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Establishing a Voice for Migrant and Refugee Women: Zita Antonios (1997)

Race Race Discrimination

Establishing a Voice for
Migrant and Refugee Women

Speech by Zita
Antonios, Race Discrimination Commissioner, Ethnic Communities Council
Victoria, 19 March 1997

Non-English speaking
background women have played a key role in the development and operation
of the migrant and refugee rights movement in Australia over the last
three decades. They have marched to support migrant and refugee rights,
established organisations, organised meetings, developed the ethnic voluntary
sector policies, provided direct services, written the submissions, serviced
the committees, organised fundraising and much much more.

But where are our
voices in the key decision making bodies of not only mainstream Anglo-
Australian organisations including women’s organisations but especially
within our own "mainstream" migrant organisations? What are
the barriers that operate to exclude us so persistently from participation
at these levels? There are always of course, in all these organisations
token representation of migrant and refugee women. This is not what we
are talking about - we want and demand equal participation of migrant
and refugee women in all decision making structures in society including
our own migrant and refugee organisations.

Women of non-English
speaking background have a right to a voice (not a token one) and to equal
participation in decision-making at all levels.

Anti-discrimination
legislation in this country over the last two decades has recognised that
Australians face barriers relating to a number of different types of discrimination.
The major forms of discrimination have been seen to be on the grounds
of race or ethnicity; sex or sexual preference; and disability. Recognition
has also been given in some quarters to discrimination on the basis of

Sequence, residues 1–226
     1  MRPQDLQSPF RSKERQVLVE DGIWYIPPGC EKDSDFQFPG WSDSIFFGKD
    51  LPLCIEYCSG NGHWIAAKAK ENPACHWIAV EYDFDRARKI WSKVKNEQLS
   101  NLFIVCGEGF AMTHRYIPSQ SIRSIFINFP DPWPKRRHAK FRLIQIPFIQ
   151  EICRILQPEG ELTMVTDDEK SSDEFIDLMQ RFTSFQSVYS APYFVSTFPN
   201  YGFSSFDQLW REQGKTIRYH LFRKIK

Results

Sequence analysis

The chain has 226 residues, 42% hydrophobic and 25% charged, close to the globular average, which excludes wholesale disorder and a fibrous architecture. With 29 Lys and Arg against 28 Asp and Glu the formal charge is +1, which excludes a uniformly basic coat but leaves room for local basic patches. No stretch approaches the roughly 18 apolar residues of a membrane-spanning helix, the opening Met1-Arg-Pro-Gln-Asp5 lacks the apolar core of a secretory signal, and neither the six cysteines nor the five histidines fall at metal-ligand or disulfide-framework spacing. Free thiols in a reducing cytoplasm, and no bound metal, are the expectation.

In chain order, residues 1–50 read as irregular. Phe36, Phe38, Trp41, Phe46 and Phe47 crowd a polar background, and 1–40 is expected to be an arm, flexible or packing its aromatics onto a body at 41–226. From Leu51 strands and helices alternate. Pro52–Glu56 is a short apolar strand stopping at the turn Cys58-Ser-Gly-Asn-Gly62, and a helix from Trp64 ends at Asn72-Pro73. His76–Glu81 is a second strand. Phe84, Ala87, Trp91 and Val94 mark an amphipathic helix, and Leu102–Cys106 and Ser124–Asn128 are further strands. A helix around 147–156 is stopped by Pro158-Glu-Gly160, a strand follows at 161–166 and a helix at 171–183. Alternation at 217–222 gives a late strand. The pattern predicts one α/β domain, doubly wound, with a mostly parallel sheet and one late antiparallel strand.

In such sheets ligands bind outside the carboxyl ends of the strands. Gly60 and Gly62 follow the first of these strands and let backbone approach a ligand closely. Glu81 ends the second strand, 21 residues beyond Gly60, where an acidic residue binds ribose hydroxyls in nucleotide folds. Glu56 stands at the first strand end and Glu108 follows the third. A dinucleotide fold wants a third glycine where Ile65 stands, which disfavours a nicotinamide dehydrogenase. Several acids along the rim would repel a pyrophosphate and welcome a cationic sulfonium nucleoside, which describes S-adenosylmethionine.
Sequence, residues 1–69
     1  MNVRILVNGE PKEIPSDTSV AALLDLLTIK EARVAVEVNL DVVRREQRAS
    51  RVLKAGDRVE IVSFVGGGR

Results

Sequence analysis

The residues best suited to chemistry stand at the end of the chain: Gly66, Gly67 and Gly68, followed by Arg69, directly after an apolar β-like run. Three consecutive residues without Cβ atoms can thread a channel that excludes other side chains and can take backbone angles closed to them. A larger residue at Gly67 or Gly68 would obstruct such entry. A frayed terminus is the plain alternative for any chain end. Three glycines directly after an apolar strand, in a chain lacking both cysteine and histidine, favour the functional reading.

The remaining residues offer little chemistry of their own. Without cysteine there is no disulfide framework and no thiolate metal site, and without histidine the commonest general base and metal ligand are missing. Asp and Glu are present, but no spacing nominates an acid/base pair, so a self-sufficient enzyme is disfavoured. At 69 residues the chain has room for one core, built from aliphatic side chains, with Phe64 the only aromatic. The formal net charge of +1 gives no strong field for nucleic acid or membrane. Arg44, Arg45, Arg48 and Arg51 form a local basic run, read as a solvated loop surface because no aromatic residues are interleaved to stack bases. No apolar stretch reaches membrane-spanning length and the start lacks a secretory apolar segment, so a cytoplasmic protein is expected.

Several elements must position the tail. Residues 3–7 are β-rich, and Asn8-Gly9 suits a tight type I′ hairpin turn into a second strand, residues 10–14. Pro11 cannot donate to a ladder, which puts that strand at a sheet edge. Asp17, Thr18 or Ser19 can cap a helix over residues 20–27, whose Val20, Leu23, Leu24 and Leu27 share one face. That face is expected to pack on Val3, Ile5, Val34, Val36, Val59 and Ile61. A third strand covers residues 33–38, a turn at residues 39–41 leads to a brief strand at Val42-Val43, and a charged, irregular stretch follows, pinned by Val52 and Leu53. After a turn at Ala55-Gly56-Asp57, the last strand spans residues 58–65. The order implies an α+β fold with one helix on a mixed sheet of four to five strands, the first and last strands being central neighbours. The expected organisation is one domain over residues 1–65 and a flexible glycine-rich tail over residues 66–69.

age, religious beliefs and other grounds.

Despite legislation
and the standards that legislation set, there remains a deplorable lack
of participation of non-English speaking background women in the decision
making mechanisms of mainstream organisations including "mainstream"
migrant and refugee organisations. What we know is that despite the ongoing
battles of migrant women since the 1970's to have a voice and to participate
in decision making, still they are faced with discrimination on the basis
of their race in the case of mainstream women’s organisations or
Anglo-Australian organisations and sexism in relation to their participation
at decision making levels in mainstream migrant and refugee organisations.
This double discrimination for women of non-English speaking background
occurs too in relation to access to services and to employment.

Some migrant women
face a third discrimination around their sexuality - an issue that the
community, including migrant and refugee community tend to shun and not
address or even acknowledge.

For many migrant
and refugee women their low socio-economic status (or in another ‘speak’
their class status), also presents barriers to their participation given
the problems of long working hours, child care, low income levels and
so on. The operation of the decision making mechanisms within organisations
do not take account of women’s particular organisational needs with
respect to child care and domestic responsibilities given they still take
major responsibility for the domestic sphere.

Sexism in mainstream
migrant organisations manifests itself in a number of ways. The above
mentioned operational mode is an obvious way of excluding migrant and
refugee women from equal and meaningful participation. However other factors
also operate such as constitutional impediments where constitutions favour
membership from organisations whose representatives will inevitably be
men and in some instances can only be men. Constitutions however can be
developed to ensure equal participation for women if in the process of
developing or changing the constitution there is the political will and
a genuine desire to include women and others who might be excluded as
equal members in all facets of the organisation. What is most needed is
the political will. Given that the migrant rights movement fought so hard
against discrimination, the continual failure of our mainstream organisations
to now redress the discrimination against migrant and refugee women’s
equal participation in their ranks is incomprehensible.

Racial discrimination
and sex discrimination are two areas recognised in federal legislation
in 1975 and 1984 respectively. Both were landmark pieces of legislation,
putting into effect here the substance of international declarations carried
by the United Nations. Under these Acts, which I will refer to in brief